A job generally means much more to millennials than just a paycheck, and if they don’t feel as though they have a positive impact on their organization and the work it performs, they likely won’t stay long in a position. Employers should focus on showing millennial employees how their work is valuable to their business and encouraging them to express their opinions and ideas.
Another great strategy for employers is to explain to potential millennial employees why their specific skills are needed in their company. By making it clear from the interview that millennial applicants have value to offer, employers secure a higher probability that they will accept a job offer and stay longer in that position.
A Tech-Savvy Workplace
Millennials are near as comfortable with the digital world as they are with the physical one, so employers must show a level of digital competency to attract millennial employees.
Millennials can provide technological skills and understanding that can prove invaluable to modern companies. Businesses drive more millennial talent to their offices when they provide specific job roles and equipment that allow employees to apply their digital skills.
Incorporating tech like artificial intelligence, data science, and the latest software packages into a work environment not only makes millennials feel more at home; it also helps businesses thrive in a technologically competitive world.
Excellent Company Culture
A work environment that encourages collaboration, transparency, and positive relationships is another career wish-list item for millennials. Millennials especially want to be invested in helping create and maintain a great company culture.
Because work-life integration is so important for this generation, millennials thrive in companies that focus on building great working cultures. Millennials want their job to become not just a way to pay the bills but a part of their lives and characters. If their job isn’t noticeably improving their relationships or strengthening their values, they won’t stay long.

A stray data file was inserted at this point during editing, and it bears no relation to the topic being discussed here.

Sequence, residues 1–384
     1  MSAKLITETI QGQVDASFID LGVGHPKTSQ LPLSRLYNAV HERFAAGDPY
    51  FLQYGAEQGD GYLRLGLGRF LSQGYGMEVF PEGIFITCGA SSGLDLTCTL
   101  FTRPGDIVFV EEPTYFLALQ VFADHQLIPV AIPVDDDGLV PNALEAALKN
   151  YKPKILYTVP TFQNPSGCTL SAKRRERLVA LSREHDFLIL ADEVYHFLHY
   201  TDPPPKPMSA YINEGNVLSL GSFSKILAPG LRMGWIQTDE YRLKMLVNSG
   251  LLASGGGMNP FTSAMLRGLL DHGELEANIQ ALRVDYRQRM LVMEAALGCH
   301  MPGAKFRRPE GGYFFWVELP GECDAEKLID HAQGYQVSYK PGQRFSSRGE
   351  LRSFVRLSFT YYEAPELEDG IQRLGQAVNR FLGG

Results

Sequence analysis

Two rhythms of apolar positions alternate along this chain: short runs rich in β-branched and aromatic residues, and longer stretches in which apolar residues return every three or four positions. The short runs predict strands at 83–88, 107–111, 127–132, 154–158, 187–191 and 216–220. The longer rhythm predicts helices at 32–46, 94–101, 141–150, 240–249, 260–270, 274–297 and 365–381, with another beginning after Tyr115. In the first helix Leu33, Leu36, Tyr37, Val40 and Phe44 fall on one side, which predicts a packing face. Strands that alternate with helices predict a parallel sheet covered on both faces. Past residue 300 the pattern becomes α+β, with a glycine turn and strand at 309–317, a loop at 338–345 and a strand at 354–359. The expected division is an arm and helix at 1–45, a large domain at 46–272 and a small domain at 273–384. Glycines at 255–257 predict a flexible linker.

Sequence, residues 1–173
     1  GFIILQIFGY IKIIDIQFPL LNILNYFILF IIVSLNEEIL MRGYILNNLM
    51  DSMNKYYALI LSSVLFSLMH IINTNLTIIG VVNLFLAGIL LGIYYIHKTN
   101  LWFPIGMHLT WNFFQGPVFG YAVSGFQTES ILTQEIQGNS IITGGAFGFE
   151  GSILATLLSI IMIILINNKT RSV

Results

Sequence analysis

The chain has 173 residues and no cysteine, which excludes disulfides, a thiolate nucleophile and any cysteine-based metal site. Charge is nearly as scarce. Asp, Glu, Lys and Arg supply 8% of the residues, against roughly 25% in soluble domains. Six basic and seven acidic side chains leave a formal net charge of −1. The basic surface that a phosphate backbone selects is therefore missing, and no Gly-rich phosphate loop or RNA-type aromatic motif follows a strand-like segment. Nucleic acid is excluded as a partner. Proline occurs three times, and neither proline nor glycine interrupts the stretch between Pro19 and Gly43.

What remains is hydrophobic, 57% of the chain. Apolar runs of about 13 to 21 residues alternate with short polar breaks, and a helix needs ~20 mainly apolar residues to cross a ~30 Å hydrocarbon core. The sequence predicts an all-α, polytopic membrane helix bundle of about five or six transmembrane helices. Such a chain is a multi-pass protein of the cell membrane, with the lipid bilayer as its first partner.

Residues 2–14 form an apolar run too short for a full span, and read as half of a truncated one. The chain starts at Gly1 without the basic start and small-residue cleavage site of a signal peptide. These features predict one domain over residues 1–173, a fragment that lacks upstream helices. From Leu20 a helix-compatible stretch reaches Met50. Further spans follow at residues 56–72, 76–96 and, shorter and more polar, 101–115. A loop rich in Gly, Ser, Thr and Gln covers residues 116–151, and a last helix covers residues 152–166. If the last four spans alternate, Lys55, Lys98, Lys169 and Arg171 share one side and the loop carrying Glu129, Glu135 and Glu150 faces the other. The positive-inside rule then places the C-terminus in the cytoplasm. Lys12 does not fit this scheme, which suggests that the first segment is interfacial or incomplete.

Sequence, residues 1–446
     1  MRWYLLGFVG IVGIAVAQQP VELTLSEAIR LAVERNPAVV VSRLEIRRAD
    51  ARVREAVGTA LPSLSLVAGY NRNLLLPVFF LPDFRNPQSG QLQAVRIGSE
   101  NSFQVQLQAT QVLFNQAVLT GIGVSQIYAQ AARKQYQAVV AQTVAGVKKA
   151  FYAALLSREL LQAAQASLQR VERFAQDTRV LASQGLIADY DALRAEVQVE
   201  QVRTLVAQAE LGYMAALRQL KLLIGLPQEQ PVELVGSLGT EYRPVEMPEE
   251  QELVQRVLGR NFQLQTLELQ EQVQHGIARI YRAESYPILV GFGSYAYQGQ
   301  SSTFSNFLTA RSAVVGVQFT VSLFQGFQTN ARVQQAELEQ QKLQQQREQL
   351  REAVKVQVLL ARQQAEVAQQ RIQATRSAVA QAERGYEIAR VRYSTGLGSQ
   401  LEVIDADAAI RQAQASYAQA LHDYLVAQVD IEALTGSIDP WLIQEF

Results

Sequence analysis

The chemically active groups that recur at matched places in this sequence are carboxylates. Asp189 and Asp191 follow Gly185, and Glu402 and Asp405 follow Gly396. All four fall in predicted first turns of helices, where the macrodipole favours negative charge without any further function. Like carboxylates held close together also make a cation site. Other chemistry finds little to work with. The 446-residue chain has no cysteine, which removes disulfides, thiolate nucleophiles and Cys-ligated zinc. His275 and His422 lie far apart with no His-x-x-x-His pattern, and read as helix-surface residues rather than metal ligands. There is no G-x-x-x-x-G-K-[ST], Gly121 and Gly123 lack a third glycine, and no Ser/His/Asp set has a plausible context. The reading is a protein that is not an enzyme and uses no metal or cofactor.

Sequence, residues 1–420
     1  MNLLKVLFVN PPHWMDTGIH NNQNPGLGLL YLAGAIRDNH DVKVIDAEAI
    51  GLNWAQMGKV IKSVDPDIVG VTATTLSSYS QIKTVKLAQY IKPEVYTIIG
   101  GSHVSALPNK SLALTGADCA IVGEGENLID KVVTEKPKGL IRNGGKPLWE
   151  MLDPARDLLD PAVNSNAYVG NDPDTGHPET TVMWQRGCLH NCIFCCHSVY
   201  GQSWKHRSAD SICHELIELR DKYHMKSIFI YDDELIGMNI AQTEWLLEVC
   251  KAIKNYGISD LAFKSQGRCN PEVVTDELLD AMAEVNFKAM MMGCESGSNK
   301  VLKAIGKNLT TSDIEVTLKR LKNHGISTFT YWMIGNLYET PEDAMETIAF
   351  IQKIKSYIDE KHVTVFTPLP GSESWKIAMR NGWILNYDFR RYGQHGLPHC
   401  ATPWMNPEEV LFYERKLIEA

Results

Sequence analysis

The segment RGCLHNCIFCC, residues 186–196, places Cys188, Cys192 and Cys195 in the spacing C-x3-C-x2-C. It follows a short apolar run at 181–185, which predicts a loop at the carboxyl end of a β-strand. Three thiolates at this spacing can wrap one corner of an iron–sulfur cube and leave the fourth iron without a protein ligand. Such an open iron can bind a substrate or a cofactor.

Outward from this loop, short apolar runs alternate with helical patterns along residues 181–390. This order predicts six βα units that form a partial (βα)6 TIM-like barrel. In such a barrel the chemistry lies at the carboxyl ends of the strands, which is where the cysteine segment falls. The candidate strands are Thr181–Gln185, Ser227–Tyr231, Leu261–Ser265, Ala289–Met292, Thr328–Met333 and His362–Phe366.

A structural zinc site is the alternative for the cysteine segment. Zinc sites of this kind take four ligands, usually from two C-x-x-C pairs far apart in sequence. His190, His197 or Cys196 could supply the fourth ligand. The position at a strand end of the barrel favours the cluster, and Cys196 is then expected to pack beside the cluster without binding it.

Employers who seek to develop a strong company culture in which millennials can seamlessly belong may elect to plan company outings, hold frequent meetings between supervisors and subordinates, or provide increased feedback. Getting employees involved in as many ways as possible helps companies instill a sense of community in their workplace.
It’s not just collaboration and connection with co-workers that millennials desire; they also want to gain a sense of mutual respect and trust with their supervisors and employers. Millennials recognize the chain of authority, but they want to feel empowered to speak openly and honestly with their superiors.
Employers who show genuine interest in the professional and personal development of their employees will go a long way with millennials. Millennials also tend to respond more positively to bosses who frequently engage with them.
Good management is a job feature that will determine whether most millennials in a company stay in a position or leave after a year or less. In fact, according to Gallup, 70% of employees engage more effectively in work activities if the quality of their boss is higher.
In a growing economy that challenges employers to provide the best working conditions possible for potential employees, it can be daunting to stay up to the task of recruiting millennials. But by building company goals and communication around the features millennials most want in a job, any business can prove to this generation that they are a company worth working for.